Public transportation systems may be disrupted, as occurred during Hurricane Katrina, or international travel restrictions could be in force, as occurred during the SARS outbreak. Proactive counselling may be required to help employees confront emergent issues — and enable them to address the crisis more rapidly, so they can focus on their work and tackle disaster recovery activities. Further, if your offices or other facilities are unsafe to use or inaccessible to some individuals, employees who are used to working at the same location at the same time will find it more difficult to collaborate and tap into their existing social networks. If your payroll system is inaccessible, funds are limited or the staff members who are responsible for payroll are absent, it’s going to be difficult to pay employees in a timely manner. If your organization cannot determine which employees have been impacted by the crisis or how, it will be difficult for decision makers to determine the company’s next steps.
If your company has not engaged in formal succession planning, individuals at all levels may be forced to take on leadership roles or increased responsibilities with little or no preparation. The following framework is designed to help you address the critical aspects of preparing for and responding to the human side of disasters. Consider how policies overseeing sick leave, travel and flex time, for example, can be adapted to apply specifically to times of disaster. Employees can call the first number to leave a message with their location and the second number to join daily conference calls that will begin the day after the disaster. Steps you can take include giving employees accurate, up-to-date information about disaster preparation, regularly updating and posting relevant policies and training employees to implement emergency procedures.
Decide what support services your company should and can offer, and then find appropriate providers to help you deliver them.
Adopting a virtual working environment requires that your company address specific technology and communication requirements, including providing remote access and support, online tools and collaborative workspaces.

A critical part of talent management lies in obtaining organizational buy-in regarding succession plans and leadership development programs, and ensuring that those plans address the potential for both short- and long-term business disruptions.
Make sure that your business continuity plan covers your payroll and benefits administration systems, and that it identifies individuals who can be called on to support both recovery efforts and ongoing operations — and provides their contact information. Your company should work to instil your organizational culture with the values and behaviours that would be beneficial in disasters.
Are you regularly testing its remote and onsite restore capabilities or just hoping for the best?
Specifically, the plan details what the company will do to remain in operation after the disaster.
The ultimate aim of the Plan is to provide the necessary details to permit the Company to resume normal operations as soon as possible after the event.
After declared, the Human Resources Manager will be in charge of implementing and executing the Plan.
Additionally, consider performing a trial-run to ensure that the planned procedures are feasible. Not surprisingly, organizations of all types and sizes are making crisis preparedness and response a key focus of their business continuity planning.
This paper outlines risks related to human capital resiliency that could arise in any crisis and provides a framework for addressing them.
While not anticipated to have immediate consequences, these trends could affect human capital resilience and other aspects of human capital management in the future.
Even smaller-scale disasters, such as transit strikes and blizzards, can significantly impact employees’ ability to get to work. Given the need for close coordination during a crisis situation, the inability to bring people together can significantly hamper the rapid decision-making needed during recovery efforts. Employees may also need disaster relief funding, which requires coordination from a variety of sources. Recovery efforts can be further hampered if your organization cannot locate key personnel or access core business systems, or has not identified or arranged for potential replacement workers. Staffing issues can also emerge as a reduced workforce tries to cope with the demands of an increased workload. As shown, some dimensions are frequently addressed by companies in their business continuity plans, whereas others are just starting to gain visibility.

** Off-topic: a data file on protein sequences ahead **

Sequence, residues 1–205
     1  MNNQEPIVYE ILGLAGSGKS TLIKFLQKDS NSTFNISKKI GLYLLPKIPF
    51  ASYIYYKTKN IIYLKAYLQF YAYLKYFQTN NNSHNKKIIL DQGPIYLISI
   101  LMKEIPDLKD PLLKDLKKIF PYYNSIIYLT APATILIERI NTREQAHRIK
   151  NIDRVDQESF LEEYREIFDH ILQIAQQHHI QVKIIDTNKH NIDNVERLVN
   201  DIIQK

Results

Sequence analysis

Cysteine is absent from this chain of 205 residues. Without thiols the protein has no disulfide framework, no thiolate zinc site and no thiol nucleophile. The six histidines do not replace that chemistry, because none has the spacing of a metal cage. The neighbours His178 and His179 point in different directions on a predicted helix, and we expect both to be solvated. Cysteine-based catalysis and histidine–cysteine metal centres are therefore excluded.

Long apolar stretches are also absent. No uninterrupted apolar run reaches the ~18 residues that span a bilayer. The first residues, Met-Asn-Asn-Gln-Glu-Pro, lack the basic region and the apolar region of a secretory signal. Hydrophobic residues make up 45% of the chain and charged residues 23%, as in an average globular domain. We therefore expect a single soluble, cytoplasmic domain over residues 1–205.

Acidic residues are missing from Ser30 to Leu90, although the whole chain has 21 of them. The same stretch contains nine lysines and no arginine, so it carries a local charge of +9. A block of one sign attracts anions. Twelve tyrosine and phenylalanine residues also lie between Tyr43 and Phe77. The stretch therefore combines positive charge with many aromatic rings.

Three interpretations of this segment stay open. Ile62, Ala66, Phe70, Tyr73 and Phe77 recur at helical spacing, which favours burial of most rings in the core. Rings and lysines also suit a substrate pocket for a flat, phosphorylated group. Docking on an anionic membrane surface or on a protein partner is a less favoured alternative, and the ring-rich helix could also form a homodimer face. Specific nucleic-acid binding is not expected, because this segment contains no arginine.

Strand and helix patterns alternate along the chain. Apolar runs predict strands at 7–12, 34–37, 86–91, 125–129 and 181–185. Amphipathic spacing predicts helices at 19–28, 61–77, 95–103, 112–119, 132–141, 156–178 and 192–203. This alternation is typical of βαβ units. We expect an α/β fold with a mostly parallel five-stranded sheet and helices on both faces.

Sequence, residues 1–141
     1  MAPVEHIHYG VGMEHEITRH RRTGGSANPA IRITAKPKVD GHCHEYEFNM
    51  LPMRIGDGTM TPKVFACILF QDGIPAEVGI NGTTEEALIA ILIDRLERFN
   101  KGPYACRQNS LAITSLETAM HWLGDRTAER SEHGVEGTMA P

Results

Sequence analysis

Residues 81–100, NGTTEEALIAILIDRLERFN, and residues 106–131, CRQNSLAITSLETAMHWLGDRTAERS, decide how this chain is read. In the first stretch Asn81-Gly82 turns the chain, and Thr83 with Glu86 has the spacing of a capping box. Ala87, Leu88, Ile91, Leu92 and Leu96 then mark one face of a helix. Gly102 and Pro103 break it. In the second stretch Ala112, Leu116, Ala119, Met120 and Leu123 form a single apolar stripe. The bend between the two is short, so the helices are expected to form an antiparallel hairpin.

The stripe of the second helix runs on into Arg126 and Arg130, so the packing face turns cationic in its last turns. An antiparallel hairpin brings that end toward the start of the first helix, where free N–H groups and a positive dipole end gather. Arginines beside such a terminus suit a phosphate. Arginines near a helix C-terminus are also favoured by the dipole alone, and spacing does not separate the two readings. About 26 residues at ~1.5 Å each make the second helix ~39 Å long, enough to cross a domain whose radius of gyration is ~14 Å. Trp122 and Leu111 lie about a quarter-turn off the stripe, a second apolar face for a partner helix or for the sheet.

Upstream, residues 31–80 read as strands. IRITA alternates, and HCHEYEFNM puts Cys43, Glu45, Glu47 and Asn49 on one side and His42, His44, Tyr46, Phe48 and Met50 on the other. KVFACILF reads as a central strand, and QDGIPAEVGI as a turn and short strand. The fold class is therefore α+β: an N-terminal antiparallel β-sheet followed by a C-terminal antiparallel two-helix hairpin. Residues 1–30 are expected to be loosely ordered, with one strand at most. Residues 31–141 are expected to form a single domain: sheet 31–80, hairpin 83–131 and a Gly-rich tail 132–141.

Also, clearly define your company’s immediate response capabilities, roles and responsibilities, and outline a crisis communication strategy.
Resources that your organization can make available during a crisis include counselling, medical and health services, housing and temporary shelters, child care and supplies. Your company must closely examine its processes to better understand how they can be executed in a virtual environment. Also, cross-train employees on key skills and capabilities so they can take on new responsibilities, if needed. If you outsource critical HR processes to third-party providers, make sure that they, too, are prepared to deal with crises. Assess how well your company promotes trust, teamwork, flexibility and other key qualities; then develop internal programs to strengthen your culture in areas where it is weak. In the absence of a Human Resources Manager, the highest ranking manager will be responsible. Chances are, your organization is taking a proactive approach and continually looking at ways to minimize the impact that potential crises can have on your business processes and technology systems. This paper is also designed to help you begin to assess how well your organization is currently prepared to handle the human dimensions of a disaster. Also, if employees have lost or been displaced from their homes, they will need to spend time finding new housing, and some may even need to move to new locations. Without normal communication channels, maintaining business relationships with customers and business partners may also be difficult.
Skill gaps can also become a problem as workers try to carry out new jobs for which they have little training.
Once a disaster hits, keep policy and situation updates clear and concise, and leverage as many different avenues of communication as you can, including voicemail, intranet sites, conference calls, and television and radio.
Foster mentoring between individuals where experiential knowledge is critical and hard to capture, and initiate job shadowing as an effective technique for building redundant skills between employees. Also, consider allowing employees to nominate colleagues to act as points of contact and change agents in times of crisis.
Yet, even though your company’s business continuity plan most likely serves to protect your company’s physical assets, such as its data, network(s), core business applications and facilities, how well does it address the human side of disasters?
In addition, crises may require changes in employee locations and schedules that are difficult to coordinate in a fast-changing environment.

Phone alert bracelet
Business communication during a crisis
How does communication differ in times of crisis

Comments to “Business continuity human resources”

  1. sican_666 writes:
    Need to look somewhat noticed in humans that suffer.
  2. ROYA1 writes:
    Since they have very little brains, but nonetheless specially.
  3. Gokan_ozen writes:
    Also turn out to be available from FEMA.
  4. crazy writes:
    Fund and can be split into.